When formidable All Blacks put on a show for sell-out crowd
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ON December 6, 1905 Cheltenham Rugby Football Club played host to the All Blacks on the inaugural visit to this country by a touring side from New Zealand.
The game was the 24th of a 35-date tour and when they arrived in the town the All Blacks had not lost a match.
Accommodation for the New Zealanders was arranged at the Sydney Arms Hotel in Pittville Street.
There were no changing rooms at the Athletic Ground in Albion Street where the game was to be played, so both sides changed into their kit at the hotel, carrying their boots so as not to damage the studs on the cobbled road.
Cheltenham Silver Band led the two sides to the match venue along streets lined by throngs of people, many of them disappointed at not being able to buy a ticket for the sold-out game.
Bringing up the rear of the parade were club officials and local dignitaries.
Inside the ground almost 8,000 spectators waited in anticipation of the greatest sporting occasion staged in the town.
Geoffrey Unwin, the Cheltenham captain, gave a team talk that recognised the formidable challenge his men had before them.
He said: “Although we have a great task ahead of us today. I would rather we scored one try than lose by five tries to nil. We will adopt a positive attacking attitude against the colonials at all times.”
Few if any in the town had seen the All Blacks’ Haka before, which was led by their captain David Gallaher. The Cheltenham side replied with British restraint and three hearty cheers.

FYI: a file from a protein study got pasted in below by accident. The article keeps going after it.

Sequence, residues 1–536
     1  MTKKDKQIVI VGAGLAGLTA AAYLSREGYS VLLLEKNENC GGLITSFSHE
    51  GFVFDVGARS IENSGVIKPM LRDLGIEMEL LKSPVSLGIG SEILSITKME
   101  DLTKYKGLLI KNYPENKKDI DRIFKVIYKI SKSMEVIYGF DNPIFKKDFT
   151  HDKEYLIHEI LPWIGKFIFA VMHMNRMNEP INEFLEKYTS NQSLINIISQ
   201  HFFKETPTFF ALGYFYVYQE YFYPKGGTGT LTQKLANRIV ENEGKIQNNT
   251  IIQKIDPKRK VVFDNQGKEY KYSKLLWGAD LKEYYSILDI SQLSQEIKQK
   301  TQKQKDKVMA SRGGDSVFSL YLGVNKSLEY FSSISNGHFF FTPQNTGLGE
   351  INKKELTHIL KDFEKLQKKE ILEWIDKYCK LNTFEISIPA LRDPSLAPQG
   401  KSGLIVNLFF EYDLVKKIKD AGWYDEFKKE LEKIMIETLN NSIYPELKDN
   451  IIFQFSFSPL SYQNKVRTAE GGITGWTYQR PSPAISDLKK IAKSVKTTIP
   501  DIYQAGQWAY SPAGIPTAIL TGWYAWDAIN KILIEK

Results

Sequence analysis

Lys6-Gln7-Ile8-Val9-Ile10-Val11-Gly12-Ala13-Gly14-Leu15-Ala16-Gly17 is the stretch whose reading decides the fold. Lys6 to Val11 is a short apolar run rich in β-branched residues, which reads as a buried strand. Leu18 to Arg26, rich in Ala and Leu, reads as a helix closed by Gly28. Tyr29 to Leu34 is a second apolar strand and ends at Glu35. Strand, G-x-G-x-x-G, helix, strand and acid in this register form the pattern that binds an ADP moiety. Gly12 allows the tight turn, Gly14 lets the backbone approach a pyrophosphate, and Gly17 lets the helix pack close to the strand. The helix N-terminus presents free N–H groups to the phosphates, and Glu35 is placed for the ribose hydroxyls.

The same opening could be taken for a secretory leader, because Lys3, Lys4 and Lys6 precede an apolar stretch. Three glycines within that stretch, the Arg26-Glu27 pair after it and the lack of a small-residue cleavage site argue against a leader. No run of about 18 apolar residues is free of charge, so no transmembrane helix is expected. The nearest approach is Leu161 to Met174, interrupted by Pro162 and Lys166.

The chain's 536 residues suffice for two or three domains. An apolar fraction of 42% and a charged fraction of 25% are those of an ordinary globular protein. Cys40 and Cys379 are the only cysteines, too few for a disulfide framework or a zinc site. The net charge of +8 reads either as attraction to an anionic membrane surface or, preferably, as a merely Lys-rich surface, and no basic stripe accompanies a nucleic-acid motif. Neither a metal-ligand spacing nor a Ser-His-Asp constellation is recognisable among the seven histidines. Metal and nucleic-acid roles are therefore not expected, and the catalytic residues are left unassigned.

The visitors won the toss and a game of frantic play ensued.
The Echo described the All Blacks as: “a perfect lot of terrors, possessed of grand physique and wonderful pace”, while The Times reported: “The New Zealanders were wizards at the running game. Indeed, even their forwards were gifted passers”.
Although the visitors won by 18 points to nil, no shame was attached to the home side’s defeat. Quite the opposite.
A spokesman for the All Blacks said Cheltenham’s style of play was nearer to their own than any side they’d played on the tour.
To put the result in perspective, Gloucester and Bristol lost to the tourists by more than 40 points.
After the match the two sides walked together back to the hotel, then they trundled along the Prom by charabanc to Cheltenham’s then new Town Hall for a civic reception where the great and the good gathered to celebrate the presence of the illustrious visitors.
After the high tea, which comprised salad, pressed beef in jelly, York ham and ox tongue, followed by hot buttered muffins and Earl Grey tea, came the speeches.
Councillor James Agg-gardner pronounced: “Although we are separated by many thousands of miles of land and sea, we are still all kith and kin, speaking one language, owing allegiance to the same flag and offering affection to the same monarch”.
For the All Blacks David Gallaher replied: “It is not so much the entertainment or the hospitality that we will remember, but the actual warmth of personal welcome from the fine people of Cheltenham.”
The Echo described the visitors as “possessed of grand physique” but compared to today’s top players, however, they were tiny.
Ranging in age from 17 to 29, the 27 man squad included H D Thomson who was under 11 stone. Nine players were 12 stone or under, with seven 13 stone or under.
One player, G Nicholson was over 6ft, while the shortest, J Hunter stood 5ft 6in. The heaviest was Fred Newton who weighed in at 14 stone six pounds. You can see from the photo, right, that he was lean and toned, but despite this he was called Fatty by other players, though not necessarily to his face.
The Cheltenham RFC officials
The match programme
All Blacks captain Dave Gallaher